Diana's designer reveals the secrets of the Princess's 'caring dress'
Diana, Princess of Wales, wearing her ‘caring dress’, one of more than 70 outfits made for her by designer David Sassoon Photo: GETTY IMAGES

She called it her “caring dress” and one of the Princess’s favourite designers has now revealed how determined she was to defy public criticism and keep wearing it.

David Sassoon explained that the Princess’s devotion to the floral crepe-de-Chine design was because she realised its bright colours was attractive to sick or suffering children, making them relaxed in her presence.

It meant that when she faced comment from a public unaware of her reasons for wearing the dress, the Princess told Mr Sassoon she would not bow to popular pressure.

The designer told The Sunday Telegraph: “She would say ‘I keep being told not to wear it, but I love this dress, my caring dress’. Of course Diana was the first member of the Royal family to break all the rules.”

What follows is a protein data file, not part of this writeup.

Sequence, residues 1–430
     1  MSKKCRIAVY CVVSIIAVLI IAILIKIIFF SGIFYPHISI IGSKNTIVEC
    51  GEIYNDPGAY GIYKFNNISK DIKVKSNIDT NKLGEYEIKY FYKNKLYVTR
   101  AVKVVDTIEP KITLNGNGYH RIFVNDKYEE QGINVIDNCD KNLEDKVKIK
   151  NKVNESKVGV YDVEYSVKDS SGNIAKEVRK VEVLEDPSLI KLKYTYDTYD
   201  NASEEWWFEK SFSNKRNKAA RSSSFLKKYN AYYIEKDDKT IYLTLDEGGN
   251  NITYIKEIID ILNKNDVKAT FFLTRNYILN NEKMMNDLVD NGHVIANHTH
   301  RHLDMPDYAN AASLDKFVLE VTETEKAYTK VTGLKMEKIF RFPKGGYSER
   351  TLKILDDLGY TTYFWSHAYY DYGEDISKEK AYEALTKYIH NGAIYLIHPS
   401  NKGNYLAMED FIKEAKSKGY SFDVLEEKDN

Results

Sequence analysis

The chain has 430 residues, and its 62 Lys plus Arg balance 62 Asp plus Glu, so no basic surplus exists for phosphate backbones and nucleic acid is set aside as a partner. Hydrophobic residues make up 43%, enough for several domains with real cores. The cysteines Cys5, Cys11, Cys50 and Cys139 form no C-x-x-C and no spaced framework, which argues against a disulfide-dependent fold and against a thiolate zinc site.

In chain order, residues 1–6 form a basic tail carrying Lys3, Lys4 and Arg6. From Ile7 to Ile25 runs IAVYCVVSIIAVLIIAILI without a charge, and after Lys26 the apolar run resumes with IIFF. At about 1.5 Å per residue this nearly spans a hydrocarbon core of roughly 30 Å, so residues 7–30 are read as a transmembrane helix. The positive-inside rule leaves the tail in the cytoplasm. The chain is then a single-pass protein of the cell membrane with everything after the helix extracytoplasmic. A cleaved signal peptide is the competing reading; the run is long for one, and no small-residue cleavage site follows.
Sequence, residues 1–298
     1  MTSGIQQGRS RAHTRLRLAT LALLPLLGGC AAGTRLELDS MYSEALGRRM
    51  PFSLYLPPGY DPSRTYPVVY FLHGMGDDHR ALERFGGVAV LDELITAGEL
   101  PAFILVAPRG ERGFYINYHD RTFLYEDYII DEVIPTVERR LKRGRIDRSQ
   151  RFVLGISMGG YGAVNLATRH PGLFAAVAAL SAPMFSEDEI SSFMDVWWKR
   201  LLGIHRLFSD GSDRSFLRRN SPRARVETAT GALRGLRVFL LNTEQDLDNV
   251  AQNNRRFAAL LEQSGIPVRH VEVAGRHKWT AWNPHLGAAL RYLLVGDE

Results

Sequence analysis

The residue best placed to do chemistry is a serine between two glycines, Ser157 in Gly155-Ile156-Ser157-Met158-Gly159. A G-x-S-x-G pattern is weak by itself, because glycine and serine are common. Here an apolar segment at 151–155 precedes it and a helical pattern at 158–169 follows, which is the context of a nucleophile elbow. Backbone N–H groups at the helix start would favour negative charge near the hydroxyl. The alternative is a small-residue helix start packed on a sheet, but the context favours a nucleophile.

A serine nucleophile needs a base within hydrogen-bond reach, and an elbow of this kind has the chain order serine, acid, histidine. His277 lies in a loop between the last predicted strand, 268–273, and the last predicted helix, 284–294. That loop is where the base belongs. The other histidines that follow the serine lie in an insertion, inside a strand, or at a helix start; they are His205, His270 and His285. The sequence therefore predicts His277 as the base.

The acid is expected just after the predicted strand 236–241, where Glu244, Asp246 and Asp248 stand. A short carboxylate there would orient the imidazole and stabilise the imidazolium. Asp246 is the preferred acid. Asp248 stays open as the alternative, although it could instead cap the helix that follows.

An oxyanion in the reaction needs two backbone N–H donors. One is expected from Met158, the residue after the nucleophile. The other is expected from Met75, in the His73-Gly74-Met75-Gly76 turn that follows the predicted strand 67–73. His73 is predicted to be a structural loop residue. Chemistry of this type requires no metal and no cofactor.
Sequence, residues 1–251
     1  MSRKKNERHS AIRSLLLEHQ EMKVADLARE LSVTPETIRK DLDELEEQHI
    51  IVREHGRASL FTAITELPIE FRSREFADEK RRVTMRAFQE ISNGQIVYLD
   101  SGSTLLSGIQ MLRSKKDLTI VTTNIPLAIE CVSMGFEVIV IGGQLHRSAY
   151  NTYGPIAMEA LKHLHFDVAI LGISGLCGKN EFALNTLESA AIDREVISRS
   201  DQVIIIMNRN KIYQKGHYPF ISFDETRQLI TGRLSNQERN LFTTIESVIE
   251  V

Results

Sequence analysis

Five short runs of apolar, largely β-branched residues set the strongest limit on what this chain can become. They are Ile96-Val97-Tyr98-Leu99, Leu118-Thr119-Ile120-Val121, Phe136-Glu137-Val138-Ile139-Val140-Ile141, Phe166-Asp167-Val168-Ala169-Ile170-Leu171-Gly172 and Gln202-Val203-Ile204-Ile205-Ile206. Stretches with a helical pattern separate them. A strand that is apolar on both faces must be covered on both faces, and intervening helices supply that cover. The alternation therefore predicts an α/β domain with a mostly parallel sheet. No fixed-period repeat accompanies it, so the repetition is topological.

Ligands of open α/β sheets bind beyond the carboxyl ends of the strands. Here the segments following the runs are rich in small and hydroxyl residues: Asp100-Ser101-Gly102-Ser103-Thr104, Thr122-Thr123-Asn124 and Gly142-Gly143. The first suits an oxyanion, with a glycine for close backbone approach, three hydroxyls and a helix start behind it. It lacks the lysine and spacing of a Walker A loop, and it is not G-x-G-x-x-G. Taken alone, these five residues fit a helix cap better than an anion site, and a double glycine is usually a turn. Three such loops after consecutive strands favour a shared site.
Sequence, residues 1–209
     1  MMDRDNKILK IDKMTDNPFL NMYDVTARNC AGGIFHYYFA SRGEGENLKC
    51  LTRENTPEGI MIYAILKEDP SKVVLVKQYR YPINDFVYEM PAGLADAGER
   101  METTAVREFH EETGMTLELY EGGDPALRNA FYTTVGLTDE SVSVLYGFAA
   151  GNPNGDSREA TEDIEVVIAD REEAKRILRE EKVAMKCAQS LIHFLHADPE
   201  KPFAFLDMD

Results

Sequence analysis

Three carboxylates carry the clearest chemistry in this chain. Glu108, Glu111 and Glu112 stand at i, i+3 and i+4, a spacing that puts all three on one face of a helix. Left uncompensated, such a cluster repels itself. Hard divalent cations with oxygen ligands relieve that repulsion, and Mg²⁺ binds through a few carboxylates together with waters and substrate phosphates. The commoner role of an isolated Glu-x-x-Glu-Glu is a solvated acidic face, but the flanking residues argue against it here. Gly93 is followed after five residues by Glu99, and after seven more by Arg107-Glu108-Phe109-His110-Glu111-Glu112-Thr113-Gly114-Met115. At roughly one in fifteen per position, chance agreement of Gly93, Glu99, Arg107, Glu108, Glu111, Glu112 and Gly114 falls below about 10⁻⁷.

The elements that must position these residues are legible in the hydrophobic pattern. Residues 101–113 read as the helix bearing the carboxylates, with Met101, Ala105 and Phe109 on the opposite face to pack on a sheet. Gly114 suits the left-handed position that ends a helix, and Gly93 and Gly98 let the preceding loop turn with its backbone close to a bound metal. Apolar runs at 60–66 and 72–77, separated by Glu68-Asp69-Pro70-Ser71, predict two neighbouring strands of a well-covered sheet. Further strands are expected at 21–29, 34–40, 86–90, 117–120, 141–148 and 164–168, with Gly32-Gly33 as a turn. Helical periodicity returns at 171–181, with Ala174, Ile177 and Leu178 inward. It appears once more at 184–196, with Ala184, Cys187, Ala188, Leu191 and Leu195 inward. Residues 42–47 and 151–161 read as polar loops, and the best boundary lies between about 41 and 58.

Mr Sassoon, who has spent 50 years dressing some of the world’s most beautiful women at his couture house Bellville Sassoon, designed the dress for a foreign tour in 1988.

The Princess went on to wear it in Lagos in Nigeria, in Sao Paulo, Brazil, and also while visiting a London Aids hospice.

Press reports in the 1990s speculated that she loved the dress because of its colour, but Mr Sassoon explained: “She happened to wear that dress when visiting a hospital, and children seemed to clamour round and like it. If you are like the Princess of Wales, who loved children, you don’t want a strictly formal suit for a hospital visit. You pick a very informal dress with bright colours, which that dress was. The reaction is one of awe from young children.”

Mr Sassoon’s new book The Glamour of Bellville Sassoon shows for the first time the Princess’s thank you note for the dress. It also reveals her handwritten comments on Mr Sassoon’s sketches, charting her light-hearted relationship with the designer.